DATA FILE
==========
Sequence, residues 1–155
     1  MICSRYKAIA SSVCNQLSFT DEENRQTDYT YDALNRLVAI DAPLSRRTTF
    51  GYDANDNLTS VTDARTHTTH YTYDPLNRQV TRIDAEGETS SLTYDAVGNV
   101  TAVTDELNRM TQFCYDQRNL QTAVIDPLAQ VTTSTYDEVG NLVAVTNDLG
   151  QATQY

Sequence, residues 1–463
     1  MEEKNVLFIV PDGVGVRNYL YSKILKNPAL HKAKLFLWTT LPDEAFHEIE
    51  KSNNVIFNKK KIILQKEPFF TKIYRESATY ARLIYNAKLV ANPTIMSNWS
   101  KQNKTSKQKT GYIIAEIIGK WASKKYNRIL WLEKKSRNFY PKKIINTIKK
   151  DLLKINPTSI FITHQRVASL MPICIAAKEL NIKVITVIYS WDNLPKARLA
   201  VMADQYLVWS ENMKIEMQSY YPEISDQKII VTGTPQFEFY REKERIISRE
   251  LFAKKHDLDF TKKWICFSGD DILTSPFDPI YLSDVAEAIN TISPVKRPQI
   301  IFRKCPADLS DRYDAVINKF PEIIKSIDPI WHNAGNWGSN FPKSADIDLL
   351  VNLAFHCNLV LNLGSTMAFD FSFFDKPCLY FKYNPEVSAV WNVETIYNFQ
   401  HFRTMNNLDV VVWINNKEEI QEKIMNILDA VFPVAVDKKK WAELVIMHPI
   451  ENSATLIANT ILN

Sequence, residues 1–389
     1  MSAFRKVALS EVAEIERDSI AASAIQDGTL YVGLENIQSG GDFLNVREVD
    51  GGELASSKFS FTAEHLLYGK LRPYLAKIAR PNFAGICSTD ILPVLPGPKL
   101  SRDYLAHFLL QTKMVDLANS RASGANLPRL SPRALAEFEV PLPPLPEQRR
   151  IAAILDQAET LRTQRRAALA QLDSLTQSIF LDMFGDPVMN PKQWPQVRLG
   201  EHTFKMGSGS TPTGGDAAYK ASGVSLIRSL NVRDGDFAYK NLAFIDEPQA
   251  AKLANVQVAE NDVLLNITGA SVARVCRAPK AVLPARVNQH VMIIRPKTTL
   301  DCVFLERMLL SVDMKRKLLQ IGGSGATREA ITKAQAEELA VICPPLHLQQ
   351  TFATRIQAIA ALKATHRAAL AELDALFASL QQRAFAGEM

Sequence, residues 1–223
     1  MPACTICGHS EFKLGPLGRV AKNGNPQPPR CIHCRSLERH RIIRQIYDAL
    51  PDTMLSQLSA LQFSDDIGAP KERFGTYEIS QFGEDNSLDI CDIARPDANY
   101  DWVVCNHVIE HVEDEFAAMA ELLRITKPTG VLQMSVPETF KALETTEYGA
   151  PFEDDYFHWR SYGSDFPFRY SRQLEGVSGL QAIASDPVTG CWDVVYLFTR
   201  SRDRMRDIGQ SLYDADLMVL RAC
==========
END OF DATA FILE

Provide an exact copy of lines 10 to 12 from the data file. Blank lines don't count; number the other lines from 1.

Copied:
   151  DLLKINPTSI FITHQRVASL MPICIAAKEL NIKVITVIYS WDNLPKARLA
   201  VMADQYLVWS ENMKIEMQSY YPEISDQKII VTGTPQFEFY REKERIISRE
   251  LFAKKHDLDF TKKWICFSGD DILTSPFDPI YLSDVAEAIN TISPVKRPQI